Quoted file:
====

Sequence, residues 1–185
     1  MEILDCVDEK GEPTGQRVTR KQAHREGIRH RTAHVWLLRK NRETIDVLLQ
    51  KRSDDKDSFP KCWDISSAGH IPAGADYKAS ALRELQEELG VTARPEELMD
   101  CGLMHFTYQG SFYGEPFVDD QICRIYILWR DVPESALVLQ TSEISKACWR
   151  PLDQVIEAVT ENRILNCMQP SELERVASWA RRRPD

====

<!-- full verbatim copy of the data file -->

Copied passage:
Sequence, residues 1–185
     1  MEILDCVDEK GEPTGQRVTR KQAHREGIRH RTAHVWLLRK NRETIDVLLQ
    51  KRSDDKDSFP KCWDISSAGH IPAGADYKAS ALRELQEELG VTARPEELMD
   101  CGLMHFTYQG SFYGEPFVDD QICRIYILWR DVPESALVLQ TSEISKACWR
   151  PLDQVIEAVT ENRILNCMQP SELERVASWA RRRPD